Survival Gardening for Beginners • Prepare With Foresight
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Survival Gardening for Beginners

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When you think about surviving after a major disaster or some other event that disrupts the food supply chain, you realize you need to grow your own food. This is the aim of survival gardening. For many of us, we already have gardens that we like to grow in the summer. The garden is more of a hobby and a source of joy rather than a necessity. If your tomatoes do not ripen or grasshoppers destroy your leaf crops, it is not that big of a deal. You will just run to the market and grab what you need.

However, when your garden is your primary food source, you need to get serious about growing food. A hobby garden is a luxury. A sustainable garden is a necessity. Let’s get into some of the questions you may have about survival gardening.

Can a Garden Provide Enough Food?

This is a tricky question, and the answer is not a simple yes or no. Yes, your garden can provide enough nutrition to keep your body healthy. Will you feel full? Probably not. Will vegetables and fruits in your garden provide all the calories you need? Probably not. With that said, a garden provides you with a source of raw fruits and vegetables which your body needs. Depending on the size of your garden, you will be able to preserve the excess to carry you through times when the garden is not in full swing. Your survival garden needs to be productive enough to keep your family fed. You will need to supplement what you get from your garden with meat you harvest from the wild or bread you bake.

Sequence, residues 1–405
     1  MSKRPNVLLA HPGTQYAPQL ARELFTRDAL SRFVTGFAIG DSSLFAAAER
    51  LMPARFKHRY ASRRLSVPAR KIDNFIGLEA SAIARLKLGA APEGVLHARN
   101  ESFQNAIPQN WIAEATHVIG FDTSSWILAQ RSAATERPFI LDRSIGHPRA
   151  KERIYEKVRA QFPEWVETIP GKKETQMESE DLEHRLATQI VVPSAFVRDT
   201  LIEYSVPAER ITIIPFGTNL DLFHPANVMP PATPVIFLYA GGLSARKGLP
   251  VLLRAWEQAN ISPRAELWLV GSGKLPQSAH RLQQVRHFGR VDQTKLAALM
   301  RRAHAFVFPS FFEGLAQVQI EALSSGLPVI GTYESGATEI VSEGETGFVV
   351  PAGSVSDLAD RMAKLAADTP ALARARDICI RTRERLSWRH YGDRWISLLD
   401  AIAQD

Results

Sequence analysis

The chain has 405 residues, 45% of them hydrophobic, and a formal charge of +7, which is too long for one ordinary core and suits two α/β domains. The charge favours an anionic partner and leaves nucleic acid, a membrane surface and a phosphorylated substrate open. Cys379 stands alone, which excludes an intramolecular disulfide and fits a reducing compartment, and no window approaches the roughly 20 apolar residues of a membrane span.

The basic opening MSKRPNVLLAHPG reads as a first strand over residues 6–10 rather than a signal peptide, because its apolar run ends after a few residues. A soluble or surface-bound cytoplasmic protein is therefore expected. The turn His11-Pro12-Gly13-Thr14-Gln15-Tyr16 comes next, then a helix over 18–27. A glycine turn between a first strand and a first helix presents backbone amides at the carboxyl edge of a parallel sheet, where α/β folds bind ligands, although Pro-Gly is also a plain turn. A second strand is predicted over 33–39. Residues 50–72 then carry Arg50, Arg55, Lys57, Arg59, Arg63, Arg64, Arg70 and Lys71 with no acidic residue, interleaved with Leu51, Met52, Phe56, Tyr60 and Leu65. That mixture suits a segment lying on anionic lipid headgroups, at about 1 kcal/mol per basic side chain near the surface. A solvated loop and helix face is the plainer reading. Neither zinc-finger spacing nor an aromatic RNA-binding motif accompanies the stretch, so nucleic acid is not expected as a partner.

Choosing Vegetables, Fruits, and Herbs

Garden space is going to be at a premium. You have to spend some time planning. Every inch of space in the garden could mean the difference between eating and starving. Here is where quality counts. You need the veggies and fruits that are going to give you the most nutritional value, as well as big producers with little space. Strawberries are an excellent fruit choice. They can be placed in containers and will still be prolific.

Vegetables like kale, carrots, spinach, tomatoes, and broccoli pack a big load of vitamins and minerals that your body will need. Herbs are very prolific. You only need a single plant to get what you need. Herbs can be grown in containers right in your window sill. You need to pick plants that are nutritious and don’t take up much space. Things like corn, squash, and zucchini take up much space and do not provide a lot of nutritional value.

Survival Gardening in a Cold Climate?

You can still find a way to grow food, even if you live in a cold climate. You may not be able to grow peppers, tomatoes and other plants that need a long growing cycle, but there are plenty of other options. Choose plants that will thrive in cold conditions. Peas, lettuce varieties, cabbages, spinach and most root crops will do okay in cool climates.

You might consider putting together a cold frame. Cold frames are small greenhouses that keep plants warm and allow them to thrive, even when there is snow on the ground. A greenhouse is also an option. You can build a greenhouse for under a couple of hundred dollars using fence panels and thick plastic. Your primary goal is to extend the growing season. You need to grow food all year round, which is possible with a greenhouse that is set up in an area that gets full sun.